Six short works about immigrants assimilating in the U.S. By far the most accomplished is From Here to There, Maria Teresa Rodriguez’s poignant, imaginative tribute to her Colombian father and Irish mother; assembling archival footage, home movies, family photos, and personal reminiscences, Rodriguez not only reconstructs her blissful childhood but also reclaims her ethnic identity. Lisset Barcellos’s spunky, ironic Custom-Made recalls the pivotal events in the lives of a young seamstress and her Mexican father. Kristy Guevara-Flanagan’s El Corrido de Cecilia Rios records a Mexican community’s reaction to the murder of a high school girl; the sound track, with its street ballad eulogizing a bright life cut short, conveys more pathos than the inept imagery. Veronica Majano’s Calle Chula presents a giddy, impressionistic history of a neighborhood as seen through the eyes of a young El Salvadoran girl. Camille Billops’s Take Your Bags is an intriguing look at the loss of African heritage, though ultimately it’s spoiled by the filmmaker’s didacticism. (TS) On the same program, Fatimah Tobing Rony’s Demon Lover. (HotHouse, 12:30)

Crimes of Omission: Stories From the Other Side of the Wall

Though this film and video program focuses on justice and clemency for prisoners, the work that best expresses their loneliness, paranoia, and longing for freedom is fictional: Liesel de Boor’s Without a Name, inspired by the memoir of political dissident Jacobo Timerman, is a surreal nightmare ending in despair. Magaly A. Ponce Geywitz’s more experimental Magnetic Balance evokes the atrocities of the Pinochet regime in the 70s, piecing together found footage and audiotape in a collage of broken memories. Carol Leigh’s Blind Eye to Justice: HIV+ Women in California Prisons decries the California penal system’s horrific treatment of women, but it’s hobbled by amateurish visuals, slapdash editing, and liberal platitudes. Tammy Rae Carland’s Lady (Out)laws and Faggot Wannabes ranges far and wide in its sympathy for working-class lesbian criminals, but its message disappears in a jumble of imagery and rhetoric. (TS) On the same program, Inside Out, an eight-minute video compiling interviews with girls in the Audy Home, Cook County’s facility for juvenile offenders. A panel discussion follows the screening. (HotHouse, 2:30)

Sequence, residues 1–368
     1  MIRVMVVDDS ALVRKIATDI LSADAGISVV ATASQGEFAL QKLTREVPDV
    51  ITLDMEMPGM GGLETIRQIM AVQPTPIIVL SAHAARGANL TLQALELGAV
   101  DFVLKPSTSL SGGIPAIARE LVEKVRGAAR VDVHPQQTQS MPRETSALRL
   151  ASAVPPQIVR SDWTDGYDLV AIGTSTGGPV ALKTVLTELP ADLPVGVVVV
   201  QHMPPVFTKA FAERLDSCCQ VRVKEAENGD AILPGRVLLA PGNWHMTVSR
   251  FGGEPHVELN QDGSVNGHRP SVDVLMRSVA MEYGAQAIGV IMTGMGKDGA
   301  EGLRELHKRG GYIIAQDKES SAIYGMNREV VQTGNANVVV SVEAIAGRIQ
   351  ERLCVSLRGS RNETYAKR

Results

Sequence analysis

Seeking India